Email informs recipients that the FDA is recalling medications that contain phenylpropanolamine. The message includes a list of medications that supposedly contain phenylpropanolamine
Was true, but is now very outdated
Drug Recall (Very Important Please Read )
All drugs containing PHENYLPROPANOLAMINE are being recalled. You may want to try calling the 800 number listed on most drug boxes and inquire about a REFUND. Please read this CAREFULLY. Also, please pass this on to everyone you know.
STOP TAKING anything containing this ingredient. It has been linked to increased hemorrhagic stroke (bleeding in brain) among women ages 18-49 in the three days after starting use of medication.
Problems were not found in men, but the FDA recommended that everyone (even children) seek alternative medicine.
The following medications contain Phenylpropanolamine:
[List of medications removed]
They are asking you to call them at [Number Removed] with the lot number on the box so they can send you postage for you to send it back to them, and they will also issue you a refund. If you know of anyone else with small children, PLEASE PASS THIS ON. THIS IS SERIOUS STUFF!
DO PASS ALONG TO ALL ON YOUR MAILING LIST so people are informed. They can then pass it along to their families.
To confirm these findings please take time to check the following:
This widely circulated email forward warns recipients that medications containing phenylpropanolamine (PPA) have been recalled by the US Food and Drug Administration (FDA). The message contains a long list of products that supposedly contain phenylpropanolamine and therefore should be avoided.
The core information in this email forward was true a decade ago. However, the information it contains is now very outdated and is therefore of little value in 2010 and beyond.
In November 2000, the FDA issued a Public Health Advisory concerning the safety of products containing phenylpropanolamine hydrochloride. The advisory noted that the “FDA is taking steps to remove phenylpropanolamine from all drug products and has requested that all drug companies discontinue marketing products containing phenylpropanolamine.”
The FDA issued this health advisory after a study revealed that using phenylpropanolamine “increases the risk of hemorrhagic stroke (bleeding into the brain or into tissue surrounding the brain) in women. Men may also be at risk.”
Consequently, in the years since this advisory was issued, pharmaceutical companies selling products in the US have indeed removed phenylpropanolamine from their products as requested by the FDA. Therefore, the medications listed in these emails have, in all likelihood, been reformulated and no longer contain phenylpropanolamine.
In fact, the FDA’s Phenylpropanolamine (PPA) Information Page advises that people ignore these emails and check the labels of individual medications instead:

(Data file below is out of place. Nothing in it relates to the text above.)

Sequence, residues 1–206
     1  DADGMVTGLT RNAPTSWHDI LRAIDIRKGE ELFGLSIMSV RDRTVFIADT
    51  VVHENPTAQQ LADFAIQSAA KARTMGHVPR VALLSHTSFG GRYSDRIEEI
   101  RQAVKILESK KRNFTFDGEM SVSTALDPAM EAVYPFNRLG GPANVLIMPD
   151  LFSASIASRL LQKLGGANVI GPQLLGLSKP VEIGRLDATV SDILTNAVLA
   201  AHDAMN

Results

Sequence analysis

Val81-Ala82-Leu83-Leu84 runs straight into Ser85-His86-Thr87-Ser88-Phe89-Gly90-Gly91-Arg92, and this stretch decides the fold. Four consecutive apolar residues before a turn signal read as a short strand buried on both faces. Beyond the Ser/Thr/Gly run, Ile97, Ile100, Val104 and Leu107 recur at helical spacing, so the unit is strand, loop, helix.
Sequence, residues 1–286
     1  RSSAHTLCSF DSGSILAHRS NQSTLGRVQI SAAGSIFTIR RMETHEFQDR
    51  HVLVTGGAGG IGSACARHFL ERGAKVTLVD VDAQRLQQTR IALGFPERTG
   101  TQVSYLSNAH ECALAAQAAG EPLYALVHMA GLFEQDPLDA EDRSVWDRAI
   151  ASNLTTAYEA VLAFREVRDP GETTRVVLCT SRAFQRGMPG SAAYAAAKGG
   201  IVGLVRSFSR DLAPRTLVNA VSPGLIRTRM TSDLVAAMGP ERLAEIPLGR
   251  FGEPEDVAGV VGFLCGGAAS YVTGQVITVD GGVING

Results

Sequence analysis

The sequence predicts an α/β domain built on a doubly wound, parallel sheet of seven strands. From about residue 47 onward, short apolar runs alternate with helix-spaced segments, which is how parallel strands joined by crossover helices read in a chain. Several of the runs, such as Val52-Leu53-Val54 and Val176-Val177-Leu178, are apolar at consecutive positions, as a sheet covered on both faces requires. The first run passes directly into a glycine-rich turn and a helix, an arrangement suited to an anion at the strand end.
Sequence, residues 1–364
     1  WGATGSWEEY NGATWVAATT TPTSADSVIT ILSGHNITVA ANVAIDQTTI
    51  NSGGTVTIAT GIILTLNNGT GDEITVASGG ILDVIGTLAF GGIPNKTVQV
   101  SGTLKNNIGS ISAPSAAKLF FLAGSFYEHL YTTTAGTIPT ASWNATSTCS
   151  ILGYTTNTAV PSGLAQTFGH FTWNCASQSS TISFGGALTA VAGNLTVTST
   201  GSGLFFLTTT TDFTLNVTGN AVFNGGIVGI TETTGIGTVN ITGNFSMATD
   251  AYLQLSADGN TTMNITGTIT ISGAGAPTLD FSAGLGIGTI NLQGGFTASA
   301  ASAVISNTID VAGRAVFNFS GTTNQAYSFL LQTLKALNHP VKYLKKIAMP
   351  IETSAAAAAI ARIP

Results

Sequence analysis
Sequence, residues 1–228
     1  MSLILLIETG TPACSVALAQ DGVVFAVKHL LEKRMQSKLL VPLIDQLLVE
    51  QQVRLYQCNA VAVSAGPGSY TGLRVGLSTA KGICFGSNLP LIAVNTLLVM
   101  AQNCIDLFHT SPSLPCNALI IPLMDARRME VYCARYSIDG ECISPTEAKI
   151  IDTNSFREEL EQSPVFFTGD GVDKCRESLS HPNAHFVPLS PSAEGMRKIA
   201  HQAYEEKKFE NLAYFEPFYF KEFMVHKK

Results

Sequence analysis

FDA is aware of emails circulating widely that list many products allegedly containing PPA. These emails, however, generally contain dated and inaccurate information and should be ignored.
The FDA recommends that consumers read the labels of OTC drug products to determine if the product contains PPA. The Agency believes this to be the most accurate method for determining the PPA content of OTC products rather than providing an incomplete or out-of-date list of products that may have already been reformulated and no longer contain PPA.
If consumers still have medications purchased several years ago, they should certainly check the labels to ascertain if PPA is present.
Other nations have also taken steps to control phenylpropanolamine or educate the public about its use.
Australia’s Therapeutic Goods Administration notes:
In June and July of 2001 the last remaining products containing PPA were voluntarily withdrawn from the Australian market by their sponsors. There are now no products containing PPA authorised for supply in Australia.
In 2001, Health Canada initiated a regulatory process to “remove all products containing PPA from the Canadian market”.
Information about the phenylpropanolamine debate from a UK perspective is available in a Pharmaceutical Journal article from November 2000.
Due to the seriously outdated nature of the information in this email, forwarding it to others is counterproductive. A wiser course of action would be to make yourself and others aware of the issues surrounding phenylpropanolamine and to carefully check the labels of medications before dosing.
Last updated: 31st Jan 2010
First published: 2003
By Brett M. Christensen
FDA Phenylpropanolamine (PPA) Information Page
FDA Public Health Advisory Phenylpropanolamine
Health Canada Notice
Australian Therapeutic Goods Administration Phenylpropanolamine
Is phenylpropanolamine in UK products really unsafe?
Phenylpropanolamine and the Risk of Hemorrhagic Stroke